The push to send refugees to other countries ignores the lack of control that refugees have over their lives. When fleeing a country that oppresses and persecutes them, refugees place their lives in the hands of whoever will get them out.
The deterrence policy also ignores how it damages and hurts defenseless people. Australi's policy of mandatory detention for refugees is also justified as a deterrence. It means refugees spend, on average, two years locked up in detention centres, which have been described as “factories for producing mental illness”.
Sane but traumatised refugees wanting a better life go in; damaged, highly medicated people who require assistance in the most basic tasks come out. Many refugees harm themselves in detention. Some commit suicide.
Australia has deported asylum seekers to countries where they have later been killed by the forces they were fleeing from. In Malaysia, refugees have been abused and starved by authorities. Right now, there is an outbreak of civil violence in Burma, the product of long-simmering ethnic tensions that has displaced 90,000 people last month.
A humane response to the refugee crisis would take note of the real reasons people seek asylum here. It would respect their right to seek asylum and protect their human rights. But neither Gillard nor Abbott is offering refugees a humane policy.
Labor for Refugees Victoria secretary Robin Rothfield said on June 28: "Both major parties in Parliament are blinded by their obsession with outdoing each other in punishing the very people they cry for. These poor people will be punished if they are forcibly sent to either Malaysia or Nauru."
The Labor for Refugees NSW co-convenor said: “Labor for Refugees is embarrassed to say only the Greens’ solution identifies a decent and realistic way of stopping the boats”. The Greens have called for the government to take steps to bring in more refugees from neighbouring countries safely.
It would take a genuinely independent media to point these things out. Unfortunately, the Australian media has mostly played along with the hysteria. The mainstream media put enormous pressure on the Australian Greens to cave in to Labor.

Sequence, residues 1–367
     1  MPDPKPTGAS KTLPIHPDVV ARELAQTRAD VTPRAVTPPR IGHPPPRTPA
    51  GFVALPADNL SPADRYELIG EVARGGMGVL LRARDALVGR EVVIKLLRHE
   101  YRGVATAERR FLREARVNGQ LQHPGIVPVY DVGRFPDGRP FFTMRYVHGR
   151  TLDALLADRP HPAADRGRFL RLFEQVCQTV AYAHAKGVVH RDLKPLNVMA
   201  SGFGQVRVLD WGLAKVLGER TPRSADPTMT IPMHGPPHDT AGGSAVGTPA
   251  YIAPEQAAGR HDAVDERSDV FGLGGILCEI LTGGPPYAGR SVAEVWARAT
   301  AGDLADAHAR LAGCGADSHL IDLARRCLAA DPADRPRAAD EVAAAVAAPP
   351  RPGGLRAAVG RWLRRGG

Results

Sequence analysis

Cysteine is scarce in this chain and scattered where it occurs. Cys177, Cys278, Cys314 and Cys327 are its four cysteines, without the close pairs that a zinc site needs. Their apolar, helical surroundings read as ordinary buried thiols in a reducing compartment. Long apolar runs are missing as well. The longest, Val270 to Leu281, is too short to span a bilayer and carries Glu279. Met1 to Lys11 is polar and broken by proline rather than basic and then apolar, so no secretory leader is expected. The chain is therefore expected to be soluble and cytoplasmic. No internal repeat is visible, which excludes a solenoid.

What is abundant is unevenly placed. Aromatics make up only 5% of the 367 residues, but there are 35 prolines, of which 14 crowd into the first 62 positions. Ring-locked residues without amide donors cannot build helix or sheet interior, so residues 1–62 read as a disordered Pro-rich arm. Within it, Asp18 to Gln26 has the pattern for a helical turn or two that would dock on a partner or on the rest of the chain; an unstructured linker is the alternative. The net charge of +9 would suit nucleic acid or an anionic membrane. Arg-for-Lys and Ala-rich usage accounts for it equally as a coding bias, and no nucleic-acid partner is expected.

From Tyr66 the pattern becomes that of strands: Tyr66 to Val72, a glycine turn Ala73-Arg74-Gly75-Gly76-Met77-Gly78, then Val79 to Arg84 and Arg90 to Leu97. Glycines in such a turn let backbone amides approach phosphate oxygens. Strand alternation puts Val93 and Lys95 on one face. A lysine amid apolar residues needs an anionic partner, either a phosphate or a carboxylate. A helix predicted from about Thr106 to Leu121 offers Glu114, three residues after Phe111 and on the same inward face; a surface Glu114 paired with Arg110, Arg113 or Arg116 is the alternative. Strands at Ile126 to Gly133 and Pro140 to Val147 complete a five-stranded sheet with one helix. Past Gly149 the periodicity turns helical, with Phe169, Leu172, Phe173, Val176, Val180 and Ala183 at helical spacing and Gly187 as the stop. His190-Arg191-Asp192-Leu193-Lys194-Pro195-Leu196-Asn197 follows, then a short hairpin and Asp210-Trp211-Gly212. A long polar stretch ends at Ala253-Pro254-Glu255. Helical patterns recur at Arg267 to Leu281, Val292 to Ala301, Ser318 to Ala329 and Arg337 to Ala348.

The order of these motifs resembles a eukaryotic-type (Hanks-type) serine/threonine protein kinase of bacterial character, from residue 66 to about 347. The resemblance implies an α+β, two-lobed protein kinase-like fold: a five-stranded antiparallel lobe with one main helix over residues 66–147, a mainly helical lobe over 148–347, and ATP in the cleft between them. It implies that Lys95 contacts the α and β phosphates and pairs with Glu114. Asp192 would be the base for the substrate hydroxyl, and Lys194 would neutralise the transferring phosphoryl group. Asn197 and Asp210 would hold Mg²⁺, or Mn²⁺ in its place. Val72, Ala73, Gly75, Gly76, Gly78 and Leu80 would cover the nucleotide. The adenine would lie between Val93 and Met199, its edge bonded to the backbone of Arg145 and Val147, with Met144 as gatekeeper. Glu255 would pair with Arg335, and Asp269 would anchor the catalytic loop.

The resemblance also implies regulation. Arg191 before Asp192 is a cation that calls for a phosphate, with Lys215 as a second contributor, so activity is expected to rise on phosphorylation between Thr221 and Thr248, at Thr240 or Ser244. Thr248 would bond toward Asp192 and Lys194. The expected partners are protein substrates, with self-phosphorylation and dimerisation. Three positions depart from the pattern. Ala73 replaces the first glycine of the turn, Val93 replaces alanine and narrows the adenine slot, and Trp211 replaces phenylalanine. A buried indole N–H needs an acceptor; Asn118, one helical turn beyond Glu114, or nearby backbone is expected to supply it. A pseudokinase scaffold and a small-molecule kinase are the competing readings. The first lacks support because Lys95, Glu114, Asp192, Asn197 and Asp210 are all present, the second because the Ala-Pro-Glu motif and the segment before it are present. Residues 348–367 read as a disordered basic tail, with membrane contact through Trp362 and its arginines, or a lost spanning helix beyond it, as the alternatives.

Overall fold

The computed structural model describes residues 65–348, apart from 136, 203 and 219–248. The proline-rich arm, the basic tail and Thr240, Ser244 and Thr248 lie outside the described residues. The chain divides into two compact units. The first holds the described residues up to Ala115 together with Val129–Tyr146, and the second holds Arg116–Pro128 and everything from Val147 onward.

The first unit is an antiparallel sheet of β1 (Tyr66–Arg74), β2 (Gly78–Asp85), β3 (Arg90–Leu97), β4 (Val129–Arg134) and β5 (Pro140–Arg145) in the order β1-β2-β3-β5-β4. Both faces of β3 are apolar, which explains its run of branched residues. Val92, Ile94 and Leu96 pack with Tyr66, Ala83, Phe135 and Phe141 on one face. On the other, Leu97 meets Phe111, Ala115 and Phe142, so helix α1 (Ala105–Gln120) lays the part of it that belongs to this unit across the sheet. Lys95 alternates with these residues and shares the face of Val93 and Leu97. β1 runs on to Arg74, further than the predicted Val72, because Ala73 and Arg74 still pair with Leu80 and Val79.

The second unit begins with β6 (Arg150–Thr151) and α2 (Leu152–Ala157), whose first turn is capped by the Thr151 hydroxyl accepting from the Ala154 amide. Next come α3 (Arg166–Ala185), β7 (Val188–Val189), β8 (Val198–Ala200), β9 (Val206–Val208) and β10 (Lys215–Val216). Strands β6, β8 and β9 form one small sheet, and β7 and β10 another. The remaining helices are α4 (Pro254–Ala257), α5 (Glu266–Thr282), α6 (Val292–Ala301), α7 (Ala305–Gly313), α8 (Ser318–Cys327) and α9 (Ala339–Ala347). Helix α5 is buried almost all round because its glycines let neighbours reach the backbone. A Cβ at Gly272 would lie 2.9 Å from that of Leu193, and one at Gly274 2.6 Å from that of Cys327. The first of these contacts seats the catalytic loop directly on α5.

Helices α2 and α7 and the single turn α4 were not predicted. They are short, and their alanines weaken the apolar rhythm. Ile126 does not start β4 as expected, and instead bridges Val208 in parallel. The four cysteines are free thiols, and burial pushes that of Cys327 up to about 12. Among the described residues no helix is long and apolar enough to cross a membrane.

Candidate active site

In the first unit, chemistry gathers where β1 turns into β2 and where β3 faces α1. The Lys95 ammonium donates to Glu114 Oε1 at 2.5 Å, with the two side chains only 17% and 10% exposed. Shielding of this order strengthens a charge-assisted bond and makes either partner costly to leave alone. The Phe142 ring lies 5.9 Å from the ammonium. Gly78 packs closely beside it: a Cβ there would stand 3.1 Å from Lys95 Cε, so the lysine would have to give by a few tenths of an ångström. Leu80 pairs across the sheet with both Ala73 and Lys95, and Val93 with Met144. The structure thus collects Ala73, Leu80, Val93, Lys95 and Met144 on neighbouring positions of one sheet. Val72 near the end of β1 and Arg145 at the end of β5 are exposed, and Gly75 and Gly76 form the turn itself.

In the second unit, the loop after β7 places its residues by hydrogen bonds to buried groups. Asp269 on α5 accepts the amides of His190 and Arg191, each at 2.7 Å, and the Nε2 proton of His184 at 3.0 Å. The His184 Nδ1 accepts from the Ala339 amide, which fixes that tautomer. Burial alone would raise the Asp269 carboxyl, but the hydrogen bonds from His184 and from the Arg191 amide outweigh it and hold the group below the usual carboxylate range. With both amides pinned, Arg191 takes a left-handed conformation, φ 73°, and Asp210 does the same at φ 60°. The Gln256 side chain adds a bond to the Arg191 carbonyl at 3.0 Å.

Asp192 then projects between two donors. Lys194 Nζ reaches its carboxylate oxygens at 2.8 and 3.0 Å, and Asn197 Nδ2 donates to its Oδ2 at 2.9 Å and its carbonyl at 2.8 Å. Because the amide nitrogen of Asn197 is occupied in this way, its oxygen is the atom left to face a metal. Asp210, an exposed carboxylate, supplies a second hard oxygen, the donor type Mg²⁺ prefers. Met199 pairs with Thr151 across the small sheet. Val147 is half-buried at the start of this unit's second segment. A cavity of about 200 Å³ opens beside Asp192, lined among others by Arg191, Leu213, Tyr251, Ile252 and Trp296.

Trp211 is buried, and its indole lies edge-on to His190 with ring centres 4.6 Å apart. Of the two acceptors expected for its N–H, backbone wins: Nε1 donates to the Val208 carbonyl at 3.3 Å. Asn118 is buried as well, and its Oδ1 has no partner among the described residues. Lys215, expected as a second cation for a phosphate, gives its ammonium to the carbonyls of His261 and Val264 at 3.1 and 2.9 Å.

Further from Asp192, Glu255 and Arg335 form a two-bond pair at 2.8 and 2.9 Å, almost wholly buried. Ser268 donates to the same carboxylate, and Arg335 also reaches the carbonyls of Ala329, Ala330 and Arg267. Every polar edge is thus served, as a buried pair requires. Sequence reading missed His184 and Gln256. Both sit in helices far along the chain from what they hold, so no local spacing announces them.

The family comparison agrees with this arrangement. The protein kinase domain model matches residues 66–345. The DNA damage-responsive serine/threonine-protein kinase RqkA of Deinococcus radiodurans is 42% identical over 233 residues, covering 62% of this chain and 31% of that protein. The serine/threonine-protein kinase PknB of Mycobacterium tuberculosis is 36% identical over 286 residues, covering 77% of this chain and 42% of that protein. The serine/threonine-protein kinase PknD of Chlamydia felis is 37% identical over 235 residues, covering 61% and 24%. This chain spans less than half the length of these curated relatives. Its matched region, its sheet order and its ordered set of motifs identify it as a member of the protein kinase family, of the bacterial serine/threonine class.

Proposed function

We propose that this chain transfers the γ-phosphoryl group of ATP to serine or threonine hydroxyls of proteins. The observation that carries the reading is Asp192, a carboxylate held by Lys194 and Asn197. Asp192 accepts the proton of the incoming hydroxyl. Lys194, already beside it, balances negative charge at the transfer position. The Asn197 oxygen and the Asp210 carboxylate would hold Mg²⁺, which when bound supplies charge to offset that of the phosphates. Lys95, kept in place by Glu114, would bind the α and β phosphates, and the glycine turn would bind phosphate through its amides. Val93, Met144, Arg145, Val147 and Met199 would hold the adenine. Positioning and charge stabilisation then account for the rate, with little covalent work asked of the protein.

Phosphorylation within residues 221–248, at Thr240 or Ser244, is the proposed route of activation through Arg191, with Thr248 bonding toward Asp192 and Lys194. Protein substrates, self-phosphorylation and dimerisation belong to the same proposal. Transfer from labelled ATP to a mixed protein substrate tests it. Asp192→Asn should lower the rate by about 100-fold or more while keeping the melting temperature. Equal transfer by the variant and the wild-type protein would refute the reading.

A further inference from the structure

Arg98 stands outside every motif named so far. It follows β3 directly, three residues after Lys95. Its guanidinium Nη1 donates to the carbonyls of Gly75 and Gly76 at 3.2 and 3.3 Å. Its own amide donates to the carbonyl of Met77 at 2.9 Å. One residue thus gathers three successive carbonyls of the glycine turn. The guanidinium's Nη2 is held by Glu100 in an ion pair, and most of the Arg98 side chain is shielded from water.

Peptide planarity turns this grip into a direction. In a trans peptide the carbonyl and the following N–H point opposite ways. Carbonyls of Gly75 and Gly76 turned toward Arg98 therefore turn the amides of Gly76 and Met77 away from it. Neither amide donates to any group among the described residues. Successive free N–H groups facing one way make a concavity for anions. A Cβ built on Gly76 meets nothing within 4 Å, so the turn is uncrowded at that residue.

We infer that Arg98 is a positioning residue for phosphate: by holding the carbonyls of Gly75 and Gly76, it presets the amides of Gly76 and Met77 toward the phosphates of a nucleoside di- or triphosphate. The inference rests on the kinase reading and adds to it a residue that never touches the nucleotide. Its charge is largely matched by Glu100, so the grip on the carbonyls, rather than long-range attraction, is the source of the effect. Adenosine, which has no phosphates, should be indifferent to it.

Rob Burgess from the Business Spectator led the charge on Crikey on June 28. Burgess condemned the Greens’ insistence on treating refugees as people who are desperate and need to be supported, rather than consumers of a smuggler’s product who need to be dissuaded.
He said: “[T]he extreme danger of their method of reaching Australia should, alone, be reason enough to give priority to legal resettlements.
“The Greens’ hardline policy against offshore processing fails to do that. It risks lives.”
Leigh Sales on the June 27 7.30 Report joined the attack on the Greens in her interview with Senator Christine Milne. She accused the Greens’ leader of sitting idly by while the rest of parliament “worked together” to “stop the boats”. Sales said onshore processing had led to “dozens of boats coming to Australia, boats sinking at sea, people dying” and asked Milne, “How many boats will need to sink before the Greens reconsider their position on this?”
Milne responded: “That is a really offensive question because the Greens have always supported a safe pathway for refugees coming to Australia.”
The Greens resisted this pressure. Their stand helped defeat Oakeshott’s bill in the Senate. Gillard has now set up an "expert panel" to discuss the issue headed by former Defence Chief Angus Houston.
In the past few days, the two big parties have pushed the refugee debate even further to the right, showing a blind dedication to punitive measures that punish desperate people who need our help. That both parties are pretending to be driven by sympathy for refugees makes their performance even more obscene.